In case anyone’s asking: Removing U.S. troops from South Korea is (still) not on the table, SecDef Mattis told lawmakers Wednesday.
From the region: Australia predicts China will be the top Asia-Pacific power by 2030, Stars and Stripes reported Wednesday.
Happening today: The Pentagon is briefing reporters on what happened in Niger back in October when four American troops were killed in an ambush by Islamic extremists.
According to Fox News, “Defense officials said they will lay out Thursday how the mission unfolded and led to the gruesome ambush, and then explain what is being done to correct the problems brought to light by the incident. Families of the fallen troops have been briefed on the investigation, including details of their loved ones’ final moments as they battled as many as 100 insurgents in a fierce firefight.” The briefing gets under way at noon (ET). Catch it live, here.
Preview of that briefing? The New York Times reported Wednesday evening that America’s general in charge of special operators in Africa, Maj. Gen. J. Marcus Hicks, “has ordered American troops under his watch to ‘plan missions to stay out of direct combat or do not go.’”
But that’s not all. “Additionally, the Army Special Forces Group that has been assigned to Africa since 2016 may close two outposts — one in northeastern Niger and another in an undisclosed location in North Africa.” Continue reading, here.
Related #LongRead: The White House “has quietly expanded how the U.S. uses military force around the world… and no one is paying attention,” Stephen Tankel, adjunct senior fellow at the Center for a New America Security, writes in Politico — excerpting from his upcoming book, “With Us and Against Us: How America’s Partners Help and Hinder the War on Terror.”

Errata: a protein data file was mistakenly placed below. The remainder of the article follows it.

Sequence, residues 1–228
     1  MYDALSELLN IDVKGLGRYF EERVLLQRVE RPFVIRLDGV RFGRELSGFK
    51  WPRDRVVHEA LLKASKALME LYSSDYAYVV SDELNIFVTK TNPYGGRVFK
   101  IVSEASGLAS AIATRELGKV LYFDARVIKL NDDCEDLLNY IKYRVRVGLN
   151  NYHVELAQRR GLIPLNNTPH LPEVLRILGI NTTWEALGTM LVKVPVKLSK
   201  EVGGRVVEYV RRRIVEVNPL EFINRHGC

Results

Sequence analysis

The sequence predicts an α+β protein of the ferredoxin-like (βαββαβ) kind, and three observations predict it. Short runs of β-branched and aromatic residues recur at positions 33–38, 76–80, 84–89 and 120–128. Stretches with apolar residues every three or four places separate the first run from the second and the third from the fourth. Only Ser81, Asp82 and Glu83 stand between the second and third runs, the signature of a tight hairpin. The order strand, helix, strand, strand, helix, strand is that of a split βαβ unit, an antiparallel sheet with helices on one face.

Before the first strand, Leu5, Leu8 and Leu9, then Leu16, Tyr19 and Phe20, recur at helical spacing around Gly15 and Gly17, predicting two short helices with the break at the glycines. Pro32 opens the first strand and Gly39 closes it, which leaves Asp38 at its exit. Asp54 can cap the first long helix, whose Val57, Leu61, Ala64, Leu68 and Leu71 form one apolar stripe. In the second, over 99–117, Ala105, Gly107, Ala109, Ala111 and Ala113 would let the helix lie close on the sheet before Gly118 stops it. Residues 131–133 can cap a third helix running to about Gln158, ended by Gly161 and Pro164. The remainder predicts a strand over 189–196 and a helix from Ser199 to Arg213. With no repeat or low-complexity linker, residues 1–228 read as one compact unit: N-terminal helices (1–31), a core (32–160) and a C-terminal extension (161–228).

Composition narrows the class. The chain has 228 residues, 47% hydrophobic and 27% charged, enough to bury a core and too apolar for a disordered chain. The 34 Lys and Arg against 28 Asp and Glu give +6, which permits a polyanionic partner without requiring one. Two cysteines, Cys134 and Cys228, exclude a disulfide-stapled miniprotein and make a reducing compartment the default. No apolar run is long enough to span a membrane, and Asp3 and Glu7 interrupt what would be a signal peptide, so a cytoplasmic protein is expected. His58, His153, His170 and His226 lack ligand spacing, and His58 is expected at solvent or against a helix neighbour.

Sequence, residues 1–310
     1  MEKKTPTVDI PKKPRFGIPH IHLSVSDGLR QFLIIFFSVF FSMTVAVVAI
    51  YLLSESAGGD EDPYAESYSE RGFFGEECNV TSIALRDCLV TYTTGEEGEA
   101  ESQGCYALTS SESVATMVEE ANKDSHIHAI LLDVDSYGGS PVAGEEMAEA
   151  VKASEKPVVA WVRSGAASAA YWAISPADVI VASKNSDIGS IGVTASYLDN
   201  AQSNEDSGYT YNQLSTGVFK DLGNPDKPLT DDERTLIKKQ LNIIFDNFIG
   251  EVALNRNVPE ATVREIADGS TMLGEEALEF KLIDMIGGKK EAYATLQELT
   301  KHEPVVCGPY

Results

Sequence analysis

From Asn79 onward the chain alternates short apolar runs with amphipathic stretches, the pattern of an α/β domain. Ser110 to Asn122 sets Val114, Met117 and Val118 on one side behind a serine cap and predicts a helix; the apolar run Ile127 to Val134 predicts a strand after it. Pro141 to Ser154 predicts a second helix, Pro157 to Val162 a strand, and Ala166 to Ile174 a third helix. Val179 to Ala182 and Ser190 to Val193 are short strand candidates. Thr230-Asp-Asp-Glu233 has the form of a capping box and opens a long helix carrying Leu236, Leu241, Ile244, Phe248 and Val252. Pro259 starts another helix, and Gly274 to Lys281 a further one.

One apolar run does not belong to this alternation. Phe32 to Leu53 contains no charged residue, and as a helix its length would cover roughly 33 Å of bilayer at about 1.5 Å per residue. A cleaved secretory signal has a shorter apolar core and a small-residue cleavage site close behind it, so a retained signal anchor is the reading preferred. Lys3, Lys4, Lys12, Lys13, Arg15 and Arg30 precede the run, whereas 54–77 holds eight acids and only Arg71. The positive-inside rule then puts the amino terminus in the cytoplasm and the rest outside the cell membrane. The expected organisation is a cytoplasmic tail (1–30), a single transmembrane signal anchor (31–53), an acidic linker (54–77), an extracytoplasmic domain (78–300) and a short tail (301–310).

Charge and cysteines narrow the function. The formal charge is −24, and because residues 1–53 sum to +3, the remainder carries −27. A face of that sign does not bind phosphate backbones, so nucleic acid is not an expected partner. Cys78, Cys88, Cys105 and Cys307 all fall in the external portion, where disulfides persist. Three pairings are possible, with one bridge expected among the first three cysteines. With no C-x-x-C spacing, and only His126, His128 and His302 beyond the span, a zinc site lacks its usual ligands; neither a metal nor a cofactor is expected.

In northern Syria, a recent three-month operation ended with the apprehension of five top ISIS officers near the Turkey-Syria border, the New York Times reported Wednesday.
The skinny: “Two Iraqi intelligence officials said those captured included four Iraqis and one Syrian whose responsibilities included governing the Islamic State’s territory around Deir al-Zour, Syria, directing internal security and running the administrative body that oversees religious rulings.”
What timing: “The developments quickly took over many Iraqi news broadcasts on Wednesday night, with news anchors praising Prime Minister Haider al-Abadi for what the intelligence service called a ‘major victory.’ The news came at an opportune time for Mr. Abadi, who faces a tight parliamentary race on Saturday.” More — including details of how the five captured fighters were deceived by one of their own — here.
Who needs a “cyber czar.” The White House may eliminate its top cybersecurity post, Politico reported Wednesday.
The post: “[S]pecial assistant to the president and cybersecurity coordinator… a post created at the beginning of the Obama administration [and which] leads a team of NSC staffers who manage federal cyber strategy on everything from election security to encryption policies to digital warfare.”
The current office-holder, Rob Joyce, “is a widely respected career cyber professional who spent nearly 30 years at the National Security Agency. He plans to return to the intelligence agency Friday.” Read on, here.
This week in DoD contracts: Half a billion ($550,840,000) will finance an effort to “provide McAfee brand name hardware, software, and services for Department of Defense (DoD), U.S. intelligence community, and Coast Guard activities worldwide,” the Pentagon announced Wednesday. The winning companies: DLT Solutions Inc. (out of Herndon, Va.) and EC America (McLean, Va.).
And finally today: “The Maverick” speaks up. Sen. John McCain (R-Ariz.) wants his colleagues to reject Gina Haspel as the new head of the CIA, he said in a statement Wednesday.
In his own words: “I believe Gina Haspel is a patriot who loves our country and has devoted her professional life to its service and defense. However, Ms. Haspel’s role in overseeing the use of torture by Americans is disturbing. Her refusal to acknowledge torture’s immorality is disqualifying. I believe the Senate should exercise its duty of advice and consent and reject this nomination.” Read more from Fox News, here.